Mathematics professor R. Andrew Hicks (Drexel University) received a U.S. patent for his redesign of the traditional side view mirror.
According to a Drexel University press release, “Hicks designed his mirror using a mathematical algorithm that precisely controls the angle of light bouncing off of the curving mirror.
“Imagine that the mirror’s surface is made of many smaller mirrors turned to different angles, like a disco ball,” said Hicks. “The algorithm is a set of calculations to manipulate the direction of each face of the metaphorical disco ball so that each ray of light bouncing off the mirror shows the driver a wide, but not-too-distorted, picture of the scene behind him.”
The design has a field of view of about 45 degrees, compared to 15 to 17 degrees of view in a flat driver’s side mirror, and while U.S. regulations dictate that cars must be produced with a flat side view mirror, Hicks has received inquiries from investors to manufacture the mirror as an aftermarket product.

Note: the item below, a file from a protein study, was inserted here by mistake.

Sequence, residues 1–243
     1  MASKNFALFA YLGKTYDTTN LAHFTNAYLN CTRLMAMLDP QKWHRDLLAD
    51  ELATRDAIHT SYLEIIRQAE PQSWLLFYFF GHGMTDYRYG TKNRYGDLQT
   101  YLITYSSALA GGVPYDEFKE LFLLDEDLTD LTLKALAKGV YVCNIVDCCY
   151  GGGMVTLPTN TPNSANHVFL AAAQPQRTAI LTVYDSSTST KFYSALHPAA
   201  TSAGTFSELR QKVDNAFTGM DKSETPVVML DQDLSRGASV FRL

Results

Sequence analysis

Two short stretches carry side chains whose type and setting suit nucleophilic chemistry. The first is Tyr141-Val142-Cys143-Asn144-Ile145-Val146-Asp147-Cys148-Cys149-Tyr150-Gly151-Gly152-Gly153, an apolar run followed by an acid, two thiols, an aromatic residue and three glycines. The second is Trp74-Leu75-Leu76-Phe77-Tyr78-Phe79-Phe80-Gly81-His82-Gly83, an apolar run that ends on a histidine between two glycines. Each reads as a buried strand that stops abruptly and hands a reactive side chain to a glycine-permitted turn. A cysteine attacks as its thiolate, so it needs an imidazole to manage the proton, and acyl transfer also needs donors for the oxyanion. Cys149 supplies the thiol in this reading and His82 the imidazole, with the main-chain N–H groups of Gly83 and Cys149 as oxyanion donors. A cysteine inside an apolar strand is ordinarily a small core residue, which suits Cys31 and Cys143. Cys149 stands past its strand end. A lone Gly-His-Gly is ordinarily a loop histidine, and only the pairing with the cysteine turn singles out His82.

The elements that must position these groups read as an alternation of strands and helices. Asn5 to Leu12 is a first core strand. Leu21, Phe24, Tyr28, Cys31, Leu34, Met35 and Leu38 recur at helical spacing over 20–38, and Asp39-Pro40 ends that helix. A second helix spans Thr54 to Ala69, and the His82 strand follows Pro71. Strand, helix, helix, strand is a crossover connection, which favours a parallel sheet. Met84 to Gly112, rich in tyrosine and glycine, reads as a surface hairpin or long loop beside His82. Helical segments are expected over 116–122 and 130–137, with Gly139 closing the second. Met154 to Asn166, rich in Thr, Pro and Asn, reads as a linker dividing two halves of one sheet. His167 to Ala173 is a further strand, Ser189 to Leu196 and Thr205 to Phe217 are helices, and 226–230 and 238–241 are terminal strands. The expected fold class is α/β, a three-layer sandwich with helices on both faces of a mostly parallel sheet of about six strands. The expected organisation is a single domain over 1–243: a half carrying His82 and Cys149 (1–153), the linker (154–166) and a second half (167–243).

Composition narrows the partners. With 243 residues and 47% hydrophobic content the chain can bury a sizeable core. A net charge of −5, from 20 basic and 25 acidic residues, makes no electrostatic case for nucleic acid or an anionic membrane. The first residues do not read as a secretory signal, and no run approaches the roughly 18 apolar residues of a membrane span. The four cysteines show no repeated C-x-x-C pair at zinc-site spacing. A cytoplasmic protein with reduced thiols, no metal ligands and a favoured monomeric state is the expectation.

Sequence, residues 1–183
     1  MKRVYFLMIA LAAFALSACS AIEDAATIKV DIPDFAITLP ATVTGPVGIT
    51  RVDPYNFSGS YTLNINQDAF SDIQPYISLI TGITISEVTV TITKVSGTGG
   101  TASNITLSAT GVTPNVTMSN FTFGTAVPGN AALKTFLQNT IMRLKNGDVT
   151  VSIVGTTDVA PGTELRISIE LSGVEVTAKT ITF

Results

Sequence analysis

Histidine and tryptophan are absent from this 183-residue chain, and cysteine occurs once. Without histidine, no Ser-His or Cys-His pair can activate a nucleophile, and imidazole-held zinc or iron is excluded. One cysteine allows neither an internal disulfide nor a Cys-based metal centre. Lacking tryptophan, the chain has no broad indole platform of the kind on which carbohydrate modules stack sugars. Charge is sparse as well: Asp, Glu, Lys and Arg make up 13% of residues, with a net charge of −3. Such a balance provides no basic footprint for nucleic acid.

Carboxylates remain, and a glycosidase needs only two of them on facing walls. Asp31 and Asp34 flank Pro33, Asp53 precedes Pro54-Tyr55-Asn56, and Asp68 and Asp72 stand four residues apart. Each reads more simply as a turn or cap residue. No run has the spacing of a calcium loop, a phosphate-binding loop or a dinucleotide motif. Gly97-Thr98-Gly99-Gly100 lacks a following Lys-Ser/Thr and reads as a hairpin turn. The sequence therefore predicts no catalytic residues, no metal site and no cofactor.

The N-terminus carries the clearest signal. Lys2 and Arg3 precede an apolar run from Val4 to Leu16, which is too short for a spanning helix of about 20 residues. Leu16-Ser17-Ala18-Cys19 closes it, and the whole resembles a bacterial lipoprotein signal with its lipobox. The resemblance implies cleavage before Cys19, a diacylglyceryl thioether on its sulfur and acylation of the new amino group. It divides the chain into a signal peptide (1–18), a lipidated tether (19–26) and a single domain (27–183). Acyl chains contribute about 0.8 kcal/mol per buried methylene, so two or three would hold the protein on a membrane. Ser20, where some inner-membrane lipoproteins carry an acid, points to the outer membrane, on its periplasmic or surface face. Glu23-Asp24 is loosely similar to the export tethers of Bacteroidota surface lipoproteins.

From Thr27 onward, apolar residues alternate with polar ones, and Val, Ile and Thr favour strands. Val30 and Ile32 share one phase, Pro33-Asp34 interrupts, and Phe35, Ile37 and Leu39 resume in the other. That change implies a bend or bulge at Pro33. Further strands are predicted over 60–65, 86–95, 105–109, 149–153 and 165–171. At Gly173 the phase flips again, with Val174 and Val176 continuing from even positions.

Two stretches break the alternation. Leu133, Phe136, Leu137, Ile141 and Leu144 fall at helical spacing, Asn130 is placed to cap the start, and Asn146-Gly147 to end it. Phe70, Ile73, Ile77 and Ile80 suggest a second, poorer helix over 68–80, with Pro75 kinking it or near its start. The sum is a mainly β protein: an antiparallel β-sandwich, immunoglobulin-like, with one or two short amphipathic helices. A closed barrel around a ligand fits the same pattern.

CNN | Disco ball-inspired mirror gets rid of driver’s blind spot
The math professor who came up with the “wide angle substantially nondistorting mirror” says it works kind of like a mirrored disco ball — although it doesn’t look anything like one.
“Imagine that the mirror’s surface is made of many smaller mirrors turned to different angles, like a disco ball,” said R. Andrew Hicks, a Drexel University math professor.
Daily Mail | Could DISCO save motorists’ lives? Innovative car mirror inspired by glitter balls could eliminate blind spots